I can’t say I am the kind of person, and also journalist, that regularly takes part of what the “old media” (“gammelmedia” in Swedish, as the Swedish Pirate Party’s party leader Richard Falkvinge call the traditional media) but every now and then I actually listen to BBC online. But during the last two months I have avoided it and that has been in a vain try to escape documentaries about 1989 and the Fall of the Berlin wall. No, this is NOT because I am in some kind of weird sorrow over the fall of the wall, but because I actually objects against that total prevail of interpretation the “old media” actually has and takes. Yesterdays whining about Peter Day, is actually how my irritation could be … designed.
This is why I am so really, so very proud to be able to introduce a project for you that really problematizes the idea about what actually happened and still are happening after 1989!
Former West is a project with the intention to criticize our apprehension of what have changed in ours societies since 1989. They claim that now only Eastern Europe have change, but also Western world. For many of us it seems like a rather obvious reflection, but it is also all too clear that, simultaneously, we somehow imagine the changes after 1989 as Eastern Europe went through a paradigm shift, while Western world stood still and entire. Like Eastern Europe must learn everything like a little child from the educative and nursing mother, the West. The more you think about it the more absurd it gets! I am actually rude enough to claim that the considering part of (former) Western politicians, bureaucrats, journalist, professors etc etc have swallowed an interpretation like that, just because it it is easier and more convenient – in that way they don’t need to reconsider their positions and so called reality.
I have to admit this is a simplified version of the project and I do not claim that I am even close to the complexity of their dimensions. And I do admit that also I every now and then forgets and sometimes calls Former Eastern Europe, just because it is easier to explain what geographical area I’m actually talking about! But even so, I am so glad that projects like Former West actually exists. We need them! Oh, we need them far too much! However, I just hope that one day we won’t need them as much …
Listening to BBC World Service and Peter Day’s interview with Borys Luzhkin, I get if not irritated but at least a bit tired. He introduce the interview by asking Luzhhkin how he could be such a great entrepreneur when he was born and raised in Soviet Union. *sighing* When I look around me I often see much more creative, ambiguous and innovative people outside Western Europe and US, and when I come to Kyiv, for instance, I often get stunned with new ways of thinking and developing, for instance, in media, such that is required of an entrepreneur. In general, I believe it is Western Europe (and etc) that is rather retarded and not very creative in that respect. Yes, sorry, Peter Day, that even includes you : )))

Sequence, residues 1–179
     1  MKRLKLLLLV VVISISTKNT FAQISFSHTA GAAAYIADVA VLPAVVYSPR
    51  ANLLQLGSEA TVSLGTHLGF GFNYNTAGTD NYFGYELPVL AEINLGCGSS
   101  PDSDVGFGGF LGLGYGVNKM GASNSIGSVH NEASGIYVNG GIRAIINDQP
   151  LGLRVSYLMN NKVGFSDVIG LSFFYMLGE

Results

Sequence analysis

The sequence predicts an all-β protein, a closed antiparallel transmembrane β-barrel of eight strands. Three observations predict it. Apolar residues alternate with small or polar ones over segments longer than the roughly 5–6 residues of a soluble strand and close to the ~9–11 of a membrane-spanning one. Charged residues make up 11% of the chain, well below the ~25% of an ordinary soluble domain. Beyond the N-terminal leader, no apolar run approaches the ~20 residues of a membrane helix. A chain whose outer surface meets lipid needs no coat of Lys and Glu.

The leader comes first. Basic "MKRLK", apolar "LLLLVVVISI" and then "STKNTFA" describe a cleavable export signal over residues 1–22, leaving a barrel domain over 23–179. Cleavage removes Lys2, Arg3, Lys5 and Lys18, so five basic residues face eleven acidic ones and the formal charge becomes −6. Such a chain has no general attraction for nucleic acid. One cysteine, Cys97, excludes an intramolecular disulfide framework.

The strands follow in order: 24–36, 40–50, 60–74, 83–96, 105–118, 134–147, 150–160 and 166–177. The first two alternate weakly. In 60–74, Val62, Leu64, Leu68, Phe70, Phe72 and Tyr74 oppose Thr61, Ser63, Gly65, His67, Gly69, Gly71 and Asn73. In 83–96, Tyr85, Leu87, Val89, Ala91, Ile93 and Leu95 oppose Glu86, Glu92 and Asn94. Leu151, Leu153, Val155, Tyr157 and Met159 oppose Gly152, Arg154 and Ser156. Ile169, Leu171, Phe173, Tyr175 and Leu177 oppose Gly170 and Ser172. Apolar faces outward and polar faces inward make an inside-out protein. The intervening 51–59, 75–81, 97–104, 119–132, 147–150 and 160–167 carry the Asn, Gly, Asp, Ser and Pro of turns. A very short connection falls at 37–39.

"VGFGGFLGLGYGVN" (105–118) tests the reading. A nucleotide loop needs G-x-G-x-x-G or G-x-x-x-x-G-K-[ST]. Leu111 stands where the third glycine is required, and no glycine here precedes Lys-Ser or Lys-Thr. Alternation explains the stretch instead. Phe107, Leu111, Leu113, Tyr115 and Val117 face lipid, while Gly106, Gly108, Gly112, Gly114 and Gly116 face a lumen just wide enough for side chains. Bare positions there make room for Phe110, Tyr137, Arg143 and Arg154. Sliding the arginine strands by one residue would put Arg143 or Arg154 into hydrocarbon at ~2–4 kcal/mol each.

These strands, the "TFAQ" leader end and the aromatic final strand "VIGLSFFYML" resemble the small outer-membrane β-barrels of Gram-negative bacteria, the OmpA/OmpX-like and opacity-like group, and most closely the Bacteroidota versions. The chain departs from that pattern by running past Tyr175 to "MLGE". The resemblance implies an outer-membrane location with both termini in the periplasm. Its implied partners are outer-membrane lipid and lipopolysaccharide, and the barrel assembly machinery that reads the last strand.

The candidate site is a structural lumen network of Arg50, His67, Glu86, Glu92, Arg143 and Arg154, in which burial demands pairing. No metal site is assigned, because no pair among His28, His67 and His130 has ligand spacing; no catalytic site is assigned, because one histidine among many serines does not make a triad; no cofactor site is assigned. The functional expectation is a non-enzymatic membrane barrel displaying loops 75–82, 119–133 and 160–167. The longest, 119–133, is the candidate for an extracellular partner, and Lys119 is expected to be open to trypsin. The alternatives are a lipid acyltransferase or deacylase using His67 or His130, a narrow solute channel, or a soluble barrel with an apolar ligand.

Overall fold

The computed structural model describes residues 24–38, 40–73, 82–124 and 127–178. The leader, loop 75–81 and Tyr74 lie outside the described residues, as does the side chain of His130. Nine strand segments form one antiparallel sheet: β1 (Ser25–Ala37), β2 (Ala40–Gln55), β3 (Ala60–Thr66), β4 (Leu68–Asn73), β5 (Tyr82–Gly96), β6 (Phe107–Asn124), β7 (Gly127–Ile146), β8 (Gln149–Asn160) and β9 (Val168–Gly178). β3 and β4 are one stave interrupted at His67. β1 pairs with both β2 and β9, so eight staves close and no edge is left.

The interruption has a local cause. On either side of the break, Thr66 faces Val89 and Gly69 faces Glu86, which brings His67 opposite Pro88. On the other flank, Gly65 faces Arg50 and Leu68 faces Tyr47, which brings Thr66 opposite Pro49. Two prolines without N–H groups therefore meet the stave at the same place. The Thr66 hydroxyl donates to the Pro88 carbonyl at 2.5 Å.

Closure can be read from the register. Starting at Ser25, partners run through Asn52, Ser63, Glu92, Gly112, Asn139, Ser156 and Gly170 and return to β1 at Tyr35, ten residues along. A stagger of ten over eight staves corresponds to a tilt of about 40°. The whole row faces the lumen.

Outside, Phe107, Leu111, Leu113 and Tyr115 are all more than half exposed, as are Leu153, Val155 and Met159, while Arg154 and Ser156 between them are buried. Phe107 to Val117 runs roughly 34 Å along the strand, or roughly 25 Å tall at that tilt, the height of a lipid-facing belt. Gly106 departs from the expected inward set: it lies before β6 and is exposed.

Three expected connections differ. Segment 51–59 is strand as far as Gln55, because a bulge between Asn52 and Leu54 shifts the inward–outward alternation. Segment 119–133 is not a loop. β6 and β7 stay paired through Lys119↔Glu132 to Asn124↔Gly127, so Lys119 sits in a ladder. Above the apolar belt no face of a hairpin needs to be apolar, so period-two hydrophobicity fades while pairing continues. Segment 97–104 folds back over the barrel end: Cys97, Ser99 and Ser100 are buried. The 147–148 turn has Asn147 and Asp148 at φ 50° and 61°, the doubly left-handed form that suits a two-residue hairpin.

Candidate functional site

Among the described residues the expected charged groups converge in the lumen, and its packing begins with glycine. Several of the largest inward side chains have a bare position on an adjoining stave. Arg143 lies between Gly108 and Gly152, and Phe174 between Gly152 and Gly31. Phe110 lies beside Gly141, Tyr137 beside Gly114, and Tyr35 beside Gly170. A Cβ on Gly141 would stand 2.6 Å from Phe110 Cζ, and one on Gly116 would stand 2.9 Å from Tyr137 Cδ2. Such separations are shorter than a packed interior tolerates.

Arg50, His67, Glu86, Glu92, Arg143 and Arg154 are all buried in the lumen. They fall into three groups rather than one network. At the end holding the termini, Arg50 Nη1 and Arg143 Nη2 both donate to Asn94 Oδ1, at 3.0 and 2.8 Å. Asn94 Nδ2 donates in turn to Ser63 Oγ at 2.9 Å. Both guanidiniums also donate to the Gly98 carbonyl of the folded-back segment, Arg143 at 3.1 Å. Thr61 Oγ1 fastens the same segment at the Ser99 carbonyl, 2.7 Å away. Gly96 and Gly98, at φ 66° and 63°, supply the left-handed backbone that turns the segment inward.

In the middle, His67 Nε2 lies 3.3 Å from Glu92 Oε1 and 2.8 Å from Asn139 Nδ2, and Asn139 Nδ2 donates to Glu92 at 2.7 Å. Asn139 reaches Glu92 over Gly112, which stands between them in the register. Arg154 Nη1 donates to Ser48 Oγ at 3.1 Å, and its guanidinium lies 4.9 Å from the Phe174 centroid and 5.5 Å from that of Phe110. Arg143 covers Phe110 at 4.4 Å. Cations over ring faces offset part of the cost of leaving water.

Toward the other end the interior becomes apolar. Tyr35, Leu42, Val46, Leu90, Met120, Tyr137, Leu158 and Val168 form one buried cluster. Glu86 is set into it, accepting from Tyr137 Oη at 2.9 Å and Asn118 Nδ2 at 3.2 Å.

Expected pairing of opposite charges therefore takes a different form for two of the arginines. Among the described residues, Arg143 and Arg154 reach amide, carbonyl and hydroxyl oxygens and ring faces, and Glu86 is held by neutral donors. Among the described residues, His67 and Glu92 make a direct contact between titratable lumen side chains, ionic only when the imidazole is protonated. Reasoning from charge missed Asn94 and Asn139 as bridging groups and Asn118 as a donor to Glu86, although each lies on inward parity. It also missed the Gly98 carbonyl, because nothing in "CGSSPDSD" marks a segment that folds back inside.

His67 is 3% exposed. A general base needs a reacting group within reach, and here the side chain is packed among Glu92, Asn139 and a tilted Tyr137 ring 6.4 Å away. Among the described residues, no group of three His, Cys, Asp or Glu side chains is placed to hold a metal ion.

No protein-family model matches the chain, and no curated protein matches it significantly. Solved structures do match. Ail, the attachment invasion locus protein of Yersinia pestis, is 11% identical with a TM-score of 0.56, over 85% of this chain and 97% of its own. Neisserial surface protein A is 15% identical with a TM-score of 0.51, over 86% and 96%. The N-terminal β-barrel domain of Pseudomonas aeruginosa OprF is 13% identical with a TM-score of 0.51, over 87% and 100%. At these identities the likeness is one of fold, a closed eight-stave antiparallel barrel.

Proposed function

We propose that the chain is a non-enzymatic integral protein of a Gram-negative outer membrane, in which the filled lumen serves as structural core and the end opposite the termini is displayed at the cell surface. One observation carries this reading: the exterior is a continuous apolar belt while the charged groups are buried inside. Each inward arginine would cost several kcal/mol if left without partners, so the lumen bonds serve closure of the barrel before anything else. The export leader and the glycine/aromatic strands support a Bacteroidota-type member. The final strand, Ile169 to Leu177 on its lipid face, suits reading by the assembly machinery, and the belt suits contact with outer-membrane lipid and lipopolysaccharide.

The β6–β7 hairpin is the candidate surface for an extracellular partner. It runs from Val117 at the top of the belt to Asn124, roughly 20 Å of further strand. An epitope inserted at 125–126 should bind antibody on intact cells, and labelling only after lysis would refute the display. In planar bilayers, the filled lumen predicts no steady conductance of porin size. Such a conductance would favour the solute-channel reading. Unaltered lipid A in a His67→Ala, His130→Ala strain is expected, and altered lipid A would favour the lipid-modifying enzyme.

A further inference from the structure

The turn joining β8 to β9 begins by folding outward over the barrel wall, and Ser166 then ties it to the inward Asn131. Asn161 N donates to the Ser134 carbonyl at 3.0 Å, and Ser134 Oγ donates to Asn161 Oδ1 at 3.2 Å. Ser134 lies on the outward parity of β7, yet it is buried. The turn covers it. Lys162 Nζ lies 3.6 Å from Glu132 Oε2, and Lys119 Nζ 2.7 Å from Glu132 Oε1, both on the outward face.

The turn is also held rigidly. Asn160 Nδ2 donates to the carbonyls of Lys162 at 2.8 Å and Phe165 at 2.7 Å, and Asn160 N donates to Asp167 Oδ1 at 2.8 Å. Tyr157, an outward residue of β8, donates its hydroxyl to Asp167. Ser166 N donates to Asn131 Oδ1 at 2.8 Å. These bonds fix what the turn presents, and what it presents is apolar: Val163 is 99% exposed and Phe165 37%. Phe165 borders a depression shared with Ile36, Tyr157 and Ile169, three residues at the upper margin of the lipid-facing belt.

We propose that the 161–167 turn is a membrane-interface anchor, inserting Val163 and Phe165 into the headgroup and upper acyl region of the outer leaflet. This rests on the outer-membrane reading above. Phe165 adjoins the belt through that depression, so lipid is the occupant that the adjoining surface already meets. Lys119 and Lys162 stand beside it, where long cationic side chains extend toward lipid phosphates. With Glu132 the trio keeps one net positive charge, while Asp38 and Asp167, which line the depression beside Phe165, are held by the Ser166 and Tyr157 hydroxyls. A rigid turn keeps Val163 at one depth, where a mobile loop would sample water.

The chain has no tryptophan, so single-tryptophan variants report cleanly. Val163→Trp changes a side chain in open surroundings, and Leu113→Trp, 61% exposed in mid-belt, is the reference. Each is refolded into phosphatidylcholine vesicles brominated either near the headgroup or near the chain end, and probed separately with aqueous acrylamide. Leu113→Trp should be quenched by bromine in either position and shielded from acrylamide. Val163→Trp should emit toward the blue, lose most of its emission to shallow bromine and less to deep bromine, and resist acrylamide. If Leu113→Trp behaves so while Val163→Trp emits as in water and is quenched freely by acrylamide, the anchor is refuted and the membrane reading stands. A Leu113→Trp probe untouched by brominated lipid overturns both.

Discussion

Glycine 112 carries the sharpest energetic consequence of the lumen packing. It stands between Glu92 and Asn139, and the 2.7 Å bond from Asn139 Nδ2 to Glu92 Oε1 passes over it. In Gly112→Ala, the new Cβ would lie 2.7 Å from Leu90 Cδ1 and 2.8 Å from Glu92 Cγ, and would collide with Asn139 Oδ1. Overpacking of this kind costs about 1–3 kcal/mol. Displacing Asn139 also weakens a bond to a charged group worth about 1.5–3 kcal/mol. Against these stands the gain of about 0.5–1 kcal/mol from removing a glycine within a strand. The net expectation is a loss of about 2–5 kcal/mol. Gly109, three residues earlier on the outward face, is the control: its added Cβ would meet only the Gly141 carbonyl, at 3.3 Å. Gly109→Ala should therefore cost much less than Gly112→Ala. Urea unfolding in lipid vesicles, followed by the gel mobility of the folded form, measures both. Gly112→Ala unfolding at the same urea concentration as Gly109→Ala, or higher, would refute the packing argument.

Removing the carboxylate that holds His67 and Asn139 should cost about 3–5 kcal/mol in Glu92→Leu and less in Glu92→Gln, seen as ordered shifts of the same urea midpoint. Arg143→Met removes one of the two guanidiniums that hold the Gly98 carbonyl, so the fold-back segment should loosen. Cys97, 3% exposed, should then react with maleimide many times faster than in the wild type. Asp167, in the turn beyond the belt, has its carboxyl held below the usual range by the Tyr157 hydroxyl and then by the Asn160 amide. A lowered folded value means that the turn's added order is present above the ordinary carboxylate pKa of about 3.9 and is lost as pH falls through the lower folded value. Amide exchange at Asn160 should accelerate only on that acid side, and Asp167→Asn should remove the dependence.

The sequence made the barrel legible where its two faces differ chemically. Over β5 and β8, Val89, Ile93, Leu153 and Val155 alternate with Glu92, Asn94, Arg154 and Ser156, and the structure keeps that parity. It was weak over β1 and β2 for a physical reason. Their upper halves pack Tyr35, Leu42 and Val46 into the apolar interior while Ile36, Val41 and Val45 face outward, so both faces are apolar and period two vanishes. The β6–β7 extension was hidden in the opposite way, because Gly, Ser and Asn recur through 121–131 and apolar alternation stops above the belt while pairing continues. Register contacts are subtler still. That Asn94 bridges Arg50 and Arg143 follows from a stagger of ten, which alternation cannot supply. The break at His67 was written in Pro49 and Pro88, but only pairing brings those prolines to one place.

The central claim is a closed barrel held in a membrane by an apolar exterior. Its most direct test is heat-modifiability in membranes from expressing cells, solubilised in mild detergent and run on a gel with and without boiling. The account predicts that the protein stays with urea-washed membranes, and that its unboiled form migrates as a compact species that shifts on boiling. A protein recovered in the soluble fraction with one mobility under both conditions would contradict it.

Gender Check is a project initiated in order to highlight on the 20th anniversary of the the revolution, or fall of iron curtain, in Eastern Europe, with a gender perspective. The curator Bojana Pejić, from Belgrade, has been asked to put together the exhibition by ERTSE Foundation.
The research project Gender Check also had, and still have I guess, the ambition to put gender issues in Eastern Europe in focus, since questions about inequality and gender structures have problems to compete with other issues, such as the financial crisis or climate change for instance. Still, gender has, as many knows, an huge impact on everyday life and on those issues mentioned above. During six month Gender Check commissioned researchers from 24 countries to collect East european official and unofficial art from 1960s to the 1989. The exhibition “Gender Check – Femininity and Masculinity in the Art of eastern Europe” at MUMOK is the result of their joint efforts.
Thus there was a kind of vicious “pre established harmony” between the naturalized ideology of a sexist and patriarchal society which manifested itself in its practices and denial of these discriminative practices on the declared level of the official ideology. A similar structure was in operation in every marginalized social group, preventing it from fully realizing its own marginality and effectively obstructing any resistant practices (the position and consciousness of the Soviet working class being probably the most striking example of the consequences of such perverted ideological twists).
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